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Organic Chemistry for Nursing students Chapter 1 Introduction into organic chemistry

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Organic Chemistry for Nursing students Chapter 1 Introduction into organic chemistry Bonding and isomerism. Chapter 1 Bonding and Isomerism Atoms consist mainly of: Nucleus: (containing Protons and Neutrons) Protons (positive particles, Atomic Number )

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slide1
Organic Chemistry for

Nursing students

Chapter 1

Introduction into organic chemistry

Bonding and isomerism

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Chapter 1

Bonding and Isomerism

Atoms consist mainly of:

  • Nucleus: (containing Protons and Neutrons)

Protons (positive particles, Atomic Number)

Neutrons (Neutral particles)

Protons + Neutrons (Atomic weight)

b) Electrons: negatively charged particles

Example: C (Carbon) has an atomic weight of 12 and an atomic number of 6

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Electrons are located in orbitals (s,p,d)
  • Orbitals are regions of space around the nucleus containing electrons.
  • Orbitals are grouped in shells.
  • Shells are numbered 1,2,3…..
  • An orbital can hold a maximum of two electrons.
  • Filled shells play almost no role in chemical bonding.
  • Valence electrons are located in the outermost shell.
  • The outer electrons, or valence electrons, are mainly involved in chemical bonding, and we will focus our attention on them.
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Each shell contains different types and numbers of orbitals, corresponding to the shell number.

  • Example: Shell 1 contains only one type of orbital, (1s) orbital. Shell 2 contains two types of orbitals, 2 s and 2p.
  • The number of s, p, and d orbitals of a shell is 1, 3, and 5, respectively
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Ionic Compounds

They are formed by the transfer of one or more valence electrons from one atom to another

Electropositive atoms: give up electrons and form cations.

Electronegative atoms: accept electrons and form anions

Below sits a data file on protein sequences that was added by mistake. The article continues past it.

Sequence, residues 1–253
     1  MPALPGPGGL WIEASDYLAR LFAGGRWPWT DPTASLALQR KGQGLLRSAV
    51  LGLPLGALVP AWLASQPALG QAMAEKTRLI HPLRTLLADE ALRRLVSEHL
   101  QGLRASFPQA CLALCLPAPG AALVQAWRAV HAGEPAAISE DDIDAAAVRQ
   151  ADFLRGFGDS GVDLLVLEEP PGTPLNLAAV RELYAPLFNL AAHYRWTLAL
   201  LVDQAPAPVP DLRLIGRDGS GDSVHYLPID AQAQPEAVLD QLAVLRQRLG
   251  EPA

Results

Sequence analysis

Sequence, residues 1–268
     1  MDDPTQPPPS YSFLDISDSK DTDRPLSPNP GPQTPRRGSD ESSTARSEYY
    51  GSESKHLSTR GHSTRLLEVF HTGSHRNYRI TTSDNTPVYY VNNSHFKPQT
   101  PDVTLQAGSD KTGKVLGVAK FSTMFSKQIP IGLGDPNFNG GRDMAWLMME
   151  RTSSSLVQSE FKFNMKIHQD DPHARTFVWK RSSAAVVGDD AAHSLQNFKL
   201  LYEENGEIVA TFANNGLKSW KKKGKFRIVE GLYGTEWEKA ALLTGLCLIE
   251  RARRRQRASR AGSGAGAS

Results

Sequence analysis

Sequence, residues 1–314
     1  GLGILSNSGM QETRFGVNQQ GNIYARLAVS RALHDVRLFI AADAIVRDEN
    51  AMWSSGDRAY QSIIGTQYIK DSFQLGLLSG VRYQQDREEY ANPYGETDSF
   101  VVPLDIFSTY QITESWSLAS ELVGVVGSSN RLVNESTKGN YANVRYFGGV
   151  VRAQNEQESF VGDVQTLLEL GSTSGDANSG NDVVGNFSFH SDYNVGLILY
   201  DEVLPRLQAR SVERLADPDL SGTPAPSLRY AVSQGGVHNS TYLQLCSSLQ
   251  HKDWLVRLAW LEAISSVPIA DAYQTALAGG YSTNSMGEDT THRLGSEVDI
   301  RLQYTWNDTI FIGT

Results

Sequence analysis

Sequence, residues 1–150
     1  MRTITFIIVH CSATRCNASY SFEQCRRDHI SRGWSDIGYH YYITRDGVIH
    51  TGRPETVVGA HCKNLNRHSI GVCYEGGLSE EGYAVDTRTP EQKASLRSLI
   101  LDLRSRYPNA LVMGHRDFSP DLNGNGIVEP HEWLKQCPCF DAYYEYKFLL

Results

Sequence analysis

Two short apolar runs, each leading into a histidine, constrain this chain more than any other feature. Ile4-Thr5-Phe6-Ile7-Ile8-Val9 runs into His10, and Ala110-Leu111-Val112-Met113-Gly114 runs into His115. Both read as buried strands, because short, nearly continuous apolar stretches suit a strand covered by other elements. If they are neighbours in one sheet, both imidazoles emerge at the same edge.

Ionic compounds: are composed of positively charged cationsand negatively charged anions

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Generally speaking:

  • within a given horizontal row in the periodic table, the more electropositive elements are those farthest to the left,
  • and the more electronegative elements are those farthest to the right.
  • Within a given vertical column, the more electro-positive elements are those toward the bottom,
  • and the more electronegative elements are those toward the top.
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Covalent compounds

A covalent bond: is formed when two atoms share one or more electron pairs. A molecule consists of two or more atoms joined by covalent bonds

Bond energy: is the energy necessary to break a mole (6.022 x 1023)of covalent bonds.

Bond length: is the average distance between two covalently bonded atoms

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Carbon and the Covalent Bond

  • carbon is neither strongly electropositive nor strongly electronegative 
  • Carbon atoms have neither a strong tendency to lose all their electrons (and become C4-) nor a strong tendency to gain four electrons (and become C4 +) 
  • C usually forms covalent bonds with other atoms by sharing electrons.
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Carbon–Carbon Single Bonds

  • C has ability to share electrons not only

with different elements but also with other carbon atoms.

  • In his case the electrons are shared equally between the two identical carbon atoms